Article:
- by Megan Gilmer on 06/02/2024

Data overview

According to the data, March, April, and May of last year recorded the highest number of new company start-ups with 6,598 in total. November was the worst month for new registrations (1,573) in 2023, while May was the best month (2,527).

Despite the overall increase in activity among the start-up community in 2023, there were some signs of caution, with two consecutive months of YoY decrease in growth recorded in November (2023: 1,676 vs 2022: 1,834) and December (2023: 1,753 vs 2022: 1,858).

Regional overview: 2023 vs 2022

Of the 26 counties in the Republic of Ireland, a total of 19 recorded an increase in new company start-ups in 2023. In comparison with one year previous in 2022 when 23 counties recorded a decrease in new company start-ups YoY.

  • Offaly experienced the largest percentage increase, recording a total of 224 new companies in 2023, up 28% when compared to 2022.
  • Offaly was followed by Mayo (+19%), Waterford (+15%), and Galway (+12%).
  • Leitrim (-9%, 111), Longford (-7%, 114), and Laois (-4%, 260) were the counties to record the highest percentage decrease in the number of start-ups established YoY.

Dublin homed the highest number of start-ups in Ireland with 9,883, with Dublin 17 recording the highest YoY percentage increase (+71%) in the capital followed by Dublin 7 (+63%), Dublin 12 (+35%), and Dublin 6 (+22%).

Sectoral Overview 2023 vs 2022

In 2023 the majority of industries experienced an increase in start-up activity. The strongest performing sectors were motoring (+23%), fishing (+17%), transport, storage and communication (+10%), computers (+10%), health (+10%), legal and accounting (+10%) all up compared to 2022.

Manufacturing, traditionally a strong performing sector of the Irish economy, suffered a YoY decrease of -10%. While real estate also had a -2% decrease compared to 2022.

Overall, the weakest performing sectors were extra-territorial organisations and bodies (-67%), mining and quarrying (-32%), and agriculture (-11%).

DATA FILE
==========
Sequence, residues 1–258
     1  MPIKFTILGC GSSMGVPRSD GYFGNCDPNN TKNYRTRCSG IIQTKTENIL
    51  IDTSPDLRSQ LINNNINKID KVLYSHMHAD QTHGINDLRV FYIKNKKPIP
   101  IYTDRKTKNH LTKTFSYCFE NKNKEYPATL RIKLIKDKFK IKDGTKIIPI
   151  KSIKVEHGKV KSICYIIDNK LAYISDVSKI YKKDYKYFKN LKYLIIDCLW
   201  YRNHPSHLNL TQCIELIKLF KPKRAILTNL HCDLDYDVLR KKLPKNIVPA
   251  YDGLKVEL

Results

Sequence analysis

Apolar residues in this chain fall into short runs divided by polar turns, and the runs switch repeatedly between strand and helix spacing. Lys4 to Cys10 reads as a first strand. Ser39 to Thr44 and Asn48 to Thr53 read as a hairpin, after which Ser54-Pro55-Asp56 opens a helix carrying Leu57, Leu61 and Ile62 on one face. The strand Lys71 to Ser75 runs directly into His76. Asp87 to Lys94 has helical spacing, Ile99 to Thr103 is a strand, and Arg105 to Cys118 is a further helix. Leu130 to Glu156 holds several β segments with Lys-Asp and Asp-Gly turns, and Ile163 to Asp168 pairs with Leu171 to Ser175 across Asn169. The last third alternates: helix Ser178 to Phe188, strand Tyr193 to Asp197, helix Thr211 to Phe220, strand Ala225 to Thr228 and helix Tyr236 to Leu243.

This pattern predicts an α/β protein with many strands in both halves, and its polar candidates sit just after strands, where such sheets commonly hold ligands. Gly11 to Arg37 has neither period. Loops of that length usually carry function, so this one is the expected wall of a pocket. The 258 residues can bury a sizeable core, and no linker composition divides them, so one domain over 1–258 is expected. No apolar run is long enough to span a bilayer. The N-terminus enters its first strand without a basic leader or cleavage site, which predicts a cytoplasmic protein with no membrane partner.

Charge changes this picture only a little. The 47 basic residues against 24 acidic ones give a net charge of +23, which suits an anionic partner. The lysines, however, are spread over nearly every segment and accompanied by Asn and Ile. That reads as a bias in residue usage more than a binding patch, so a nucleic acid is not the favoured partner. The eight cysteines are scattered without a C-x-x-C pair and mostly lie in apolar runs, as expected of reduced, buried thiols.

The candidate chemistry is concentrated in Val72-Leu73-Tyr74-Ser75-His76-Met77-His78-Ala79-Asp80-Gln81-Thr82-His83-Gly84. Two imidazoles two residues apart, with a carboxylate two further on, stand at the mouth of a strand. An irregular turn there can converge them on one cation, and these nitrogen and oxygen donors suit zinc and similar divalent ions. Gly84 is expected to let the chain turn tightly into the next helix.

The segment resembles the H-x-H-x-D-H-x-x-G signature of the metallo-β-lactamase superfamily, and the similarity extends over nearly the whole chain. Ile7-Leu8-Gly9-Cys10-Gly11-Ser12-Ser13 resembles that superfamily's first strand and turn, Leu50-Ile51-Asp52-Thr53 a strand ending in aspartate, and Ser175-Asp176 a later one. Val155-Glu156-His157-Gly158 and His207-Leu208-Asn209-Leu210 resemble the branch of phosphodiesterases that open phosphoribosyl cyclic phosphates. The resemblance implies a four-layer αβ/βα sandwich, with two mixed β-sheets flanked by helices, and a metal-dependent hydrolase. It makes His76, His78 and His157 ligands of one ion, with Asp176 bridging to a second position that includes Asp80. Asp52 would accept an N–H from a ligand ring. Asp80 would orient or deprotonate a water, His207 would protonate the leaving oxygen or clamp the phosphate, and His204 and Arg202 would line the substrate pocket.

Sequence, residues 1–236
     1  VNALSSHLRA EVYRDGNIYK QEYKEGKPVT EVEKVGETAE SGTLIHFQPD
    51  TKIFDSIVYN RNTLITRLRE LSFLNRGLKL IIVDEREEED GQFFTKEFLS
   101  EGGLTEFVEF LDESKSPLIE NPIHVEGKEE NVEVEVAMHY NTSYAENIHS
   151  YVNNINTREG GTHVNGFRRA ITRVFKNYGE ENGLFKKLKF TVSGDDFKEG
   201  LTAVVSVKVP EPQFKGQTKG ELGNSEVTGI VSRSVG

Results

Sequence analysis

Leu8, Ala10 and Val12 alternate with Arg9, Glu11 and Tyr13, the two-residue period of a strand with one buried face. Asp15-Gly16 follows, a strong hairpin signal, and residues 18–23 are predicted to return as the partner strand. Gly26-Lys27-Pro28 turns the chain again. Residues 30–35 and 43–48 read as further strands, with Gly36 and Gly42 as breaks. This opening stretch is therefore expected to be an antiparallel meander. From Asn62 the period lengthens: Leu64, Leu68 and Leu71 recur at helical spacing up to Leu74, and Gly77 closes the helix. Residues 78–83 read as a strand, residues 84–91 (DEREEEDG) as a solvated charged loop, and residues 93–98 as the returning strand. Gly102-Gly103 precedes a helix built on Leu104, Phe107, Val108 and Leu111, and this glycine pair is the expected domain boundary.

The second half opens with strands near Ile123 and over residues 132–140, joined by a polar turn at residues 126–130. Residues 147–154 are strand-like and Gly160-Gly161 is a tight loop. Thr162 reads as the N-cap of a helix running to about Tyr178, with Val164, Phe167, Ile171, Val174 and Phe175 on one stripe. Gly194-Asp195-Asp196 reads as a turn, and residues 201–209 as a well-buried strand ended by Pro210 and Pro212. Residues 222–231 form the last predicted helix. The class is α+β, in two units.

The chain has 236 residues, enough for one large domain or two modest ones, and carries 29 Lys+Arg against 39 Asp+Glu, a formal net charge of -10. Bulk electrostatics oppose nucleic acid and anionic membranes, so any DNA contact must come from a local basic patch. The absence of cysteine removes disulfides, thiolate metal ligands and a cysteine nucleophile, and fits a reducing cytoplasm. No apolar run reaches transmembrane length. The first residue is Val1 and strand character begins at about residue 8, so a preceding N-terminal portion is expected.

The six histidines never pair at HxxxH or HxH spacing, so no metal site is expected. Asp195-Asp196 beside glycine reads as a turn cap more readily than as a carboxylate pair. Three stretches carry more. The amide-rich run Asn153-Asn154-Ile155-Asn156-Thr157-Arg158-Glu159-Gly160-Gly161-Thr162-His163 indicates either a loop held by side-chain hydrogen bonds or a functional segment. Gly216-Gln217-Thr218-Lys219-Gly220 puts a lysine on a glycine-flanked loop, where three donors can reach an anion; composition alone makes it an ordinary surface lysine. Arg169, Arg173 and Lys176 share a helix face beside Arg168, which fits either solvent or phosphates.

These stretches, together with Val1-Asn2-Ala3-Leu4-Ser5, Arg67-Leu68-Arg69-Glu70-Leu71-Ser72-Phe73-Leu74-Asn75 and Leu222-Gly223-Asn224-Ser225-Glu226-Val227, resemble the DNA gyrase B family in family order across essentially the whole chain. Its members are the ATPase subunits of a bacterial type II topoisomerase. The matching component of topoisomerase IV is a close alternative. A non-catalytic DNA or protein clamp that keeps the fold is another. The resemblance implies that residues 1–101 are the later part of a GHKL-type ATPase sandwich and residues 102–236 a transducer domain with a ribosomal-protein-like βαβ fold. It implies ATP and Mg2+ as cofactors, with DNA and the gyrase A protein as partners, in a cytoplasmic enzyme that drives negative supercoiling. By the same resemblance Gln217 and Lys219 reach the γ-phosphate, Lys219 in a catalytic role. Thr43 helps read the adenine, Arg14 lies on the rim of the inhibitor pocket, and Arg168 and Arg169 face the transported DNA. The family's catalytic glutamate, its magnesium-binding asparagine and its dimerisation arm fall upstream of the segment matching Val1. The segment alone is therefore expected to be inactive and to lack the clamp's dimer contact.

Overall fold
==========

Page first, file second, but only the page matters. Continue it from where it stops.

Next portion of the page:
Commenting on the 2023 end of year figures, Christine Cullen, Managing Director of CRIFVision-net said:

"In examining the business landscape,we have observed a solid rise in start-ups in 2023. There seems to be a surge emerging beyond major urban centers. This trend may be influenced by the prevailing housing crisis coupled with low unemployment rates and resource constraints.

"Another interesting finding is around business closures. Our latest analysis covers both dissolved entities which encompasses both insolvencies and general closures which offers a more comprehensive view of business discontinuations. Our findings reveal that 33% of companies face closure within the initial four years, with particular vulnerability evident in years 3 and 4.

"On insolvencies specifically, our research indicates that 25% of all insolvencies involved companies incorporated in the last four years. This underscores the need for increased local and government support, acknowledging challenges business owners face such as high energy, rental costs, and the continued uncertainty caused by inflation.

"A need for enhanced assistance during the first five years of operation is crucial. If we can proactively address these challenges, the Irish government can create an environment that nurtures the growth and sustainability of emerging businesses leading to a more robust and resilient economy."

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